Which Joe gave his name to ‘sloppy joes’? We look at five interesting sandwiches and their lexical origins.
Be very beneficial or desirable under the circumstances:‘a 2–0 victory is just what the doctor ordered’
- ‘However, a nice mint herbal infusion to help the meal go down smoothly was just what the doctor ordered.’
- ‘The style is apparently a cross between ancient tragedy and TV news, which sounds like exactly what the doctor ordered for a sultry summer weeknight.’
- ‘But if your taste buds are yearning for real Caribbean cooking then the spicy West Indian Pepperpot - cooked in the traditional way - is just what the doctor ordered.’
- ‘Now, my legs still burning from the climb up this hill, my face glowing from sun and wind, I decide that a little nap is just what the doctor ordered.’
- ‘Meantime, let's just say that London is exactly what the doctor ordered - in other words, I am very happy to be here.’
- ‘I was thinking that for urban paranoids who don't feel safe unless they're in the deepest part of their apartments, North Dakota is just what the doctor ordered.’
- ‘Holland struck the first blow for Midleton in the 23rd minute with a penalty but Carlow's response a few minutes later was just what the doctor ordered.’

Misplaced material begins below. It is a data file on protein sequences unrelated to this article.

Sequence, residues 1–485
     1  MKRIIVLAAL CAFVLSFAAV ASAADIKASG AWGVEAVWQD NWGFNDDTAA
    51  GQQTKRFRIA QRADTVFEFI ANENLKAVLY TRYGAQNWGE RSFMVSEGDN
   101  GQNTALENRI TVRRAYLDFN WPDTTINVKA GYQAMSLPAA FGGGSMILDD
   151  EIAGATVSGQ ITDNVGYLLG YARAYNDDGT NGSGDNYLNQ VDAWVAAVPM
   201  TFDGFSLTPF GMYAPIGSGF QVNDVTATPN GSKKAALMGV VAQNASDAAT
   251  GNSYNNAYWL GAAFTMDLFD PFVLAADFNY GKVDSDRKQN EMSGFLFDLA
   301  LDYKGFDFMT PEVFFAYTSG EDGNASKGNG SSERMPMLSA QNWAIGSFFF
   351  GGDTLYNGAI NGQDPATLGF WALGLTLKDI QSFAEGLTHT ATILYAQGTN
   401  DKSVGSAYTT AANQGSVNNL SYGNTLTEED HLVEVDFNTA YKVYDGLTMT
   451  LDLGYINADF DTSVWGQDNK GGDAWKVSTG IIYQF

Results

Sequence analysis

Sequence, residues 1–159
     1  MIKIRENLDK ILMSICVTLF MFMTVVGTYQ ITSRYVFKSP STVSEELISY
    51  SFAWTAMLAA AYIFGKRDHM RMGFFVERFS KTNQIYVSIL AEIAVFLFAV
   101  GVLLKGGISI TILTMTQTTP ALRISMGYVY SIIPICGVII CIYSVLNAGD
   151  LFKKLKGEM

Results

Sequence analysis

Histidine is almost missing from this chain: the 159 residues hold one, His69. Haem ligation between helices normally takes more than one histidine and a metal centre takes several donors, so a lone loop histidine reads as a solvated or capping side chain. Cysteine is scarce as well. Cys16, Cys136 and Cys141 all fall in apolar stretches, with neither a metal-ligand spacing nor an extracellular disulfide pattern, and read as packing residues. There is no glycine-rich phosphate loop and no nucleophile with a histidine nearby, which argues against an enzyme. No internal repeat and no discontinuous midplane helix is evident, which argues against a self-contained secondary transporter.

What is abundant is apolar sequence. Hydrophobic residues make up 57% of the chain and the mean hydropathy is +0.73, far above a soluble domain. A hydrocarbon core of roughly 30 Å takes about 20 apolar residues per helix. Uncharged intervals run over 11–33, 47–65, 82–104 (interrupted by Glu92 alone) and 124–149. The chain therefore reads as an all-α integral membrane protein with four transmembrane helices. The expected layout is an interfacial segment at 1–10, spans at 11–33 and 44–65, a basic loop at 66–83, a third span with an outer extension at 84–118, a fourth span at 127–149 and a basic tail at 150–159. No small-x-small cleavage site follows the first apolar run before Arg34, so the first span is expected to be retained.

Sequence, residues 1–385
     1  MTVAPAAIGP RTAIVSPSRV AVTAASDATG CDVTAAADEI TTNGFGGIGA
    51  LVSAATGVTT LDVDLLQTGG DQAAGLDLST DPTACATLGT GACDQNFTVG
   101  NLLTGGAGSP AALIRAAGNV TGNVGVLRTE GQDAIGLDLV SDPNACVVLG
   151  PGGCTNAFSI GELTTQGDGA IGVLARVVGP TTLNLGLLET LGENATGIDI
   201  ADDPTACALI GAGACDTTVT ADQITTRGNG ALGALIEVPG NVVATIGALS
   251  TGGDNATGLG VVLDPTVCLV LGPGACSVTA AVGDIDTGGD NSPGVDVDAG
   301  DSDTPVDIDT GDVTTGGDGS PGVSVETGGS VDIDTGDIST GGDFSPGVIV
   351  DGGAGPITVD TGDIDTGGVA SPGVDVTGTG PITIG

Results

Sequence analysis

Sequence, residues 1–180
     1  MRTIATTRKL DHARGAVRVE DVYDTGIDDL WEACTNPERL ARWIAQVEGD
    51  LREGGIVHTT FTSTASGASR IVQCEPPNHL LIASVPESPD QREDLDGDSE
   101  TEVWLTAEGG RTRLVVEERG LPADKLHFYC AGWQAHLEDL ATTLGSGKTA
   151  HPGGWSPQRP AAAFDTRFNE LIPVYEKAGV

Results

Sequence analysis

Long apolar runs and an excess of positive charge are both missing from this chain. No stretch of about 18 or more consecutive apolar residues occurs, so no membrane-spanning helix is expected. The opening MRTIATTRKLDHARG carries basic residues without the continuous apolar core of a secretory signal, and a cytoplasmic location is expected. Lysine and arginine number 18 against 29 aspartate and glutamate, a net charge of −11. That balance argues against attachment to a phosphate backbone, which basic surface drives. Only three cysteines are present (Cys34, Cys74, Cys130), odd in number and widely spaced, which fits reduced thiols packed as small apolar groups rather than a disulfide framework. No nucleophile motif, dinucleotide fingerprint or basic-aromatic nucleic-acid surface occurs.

- ‘With the US economy shaky and major corporate scandals marring his first year in office, a winnable war against an old enemy is just what the doctor ordered.’
- ‘A media-savvy leader with a vision, with seriousness of purpose, with honesty and decisiveness as his strongest points, a diplomat par excellence, he is exactly what the doctor ordered.’
- ‘I know killer heels aren't exactly what the doctor ordered, but I'll take the psychological boost any day.’
We take a look at several popular, though confusing, punctuation marks.
From Afghanistan to Zimbabwe, discover surprising and intriguing language facts from around the globe.
The definitions of ‘buddy’ and ‘bro’ in the OED have recently been revised. We explore their history and increase in popularity.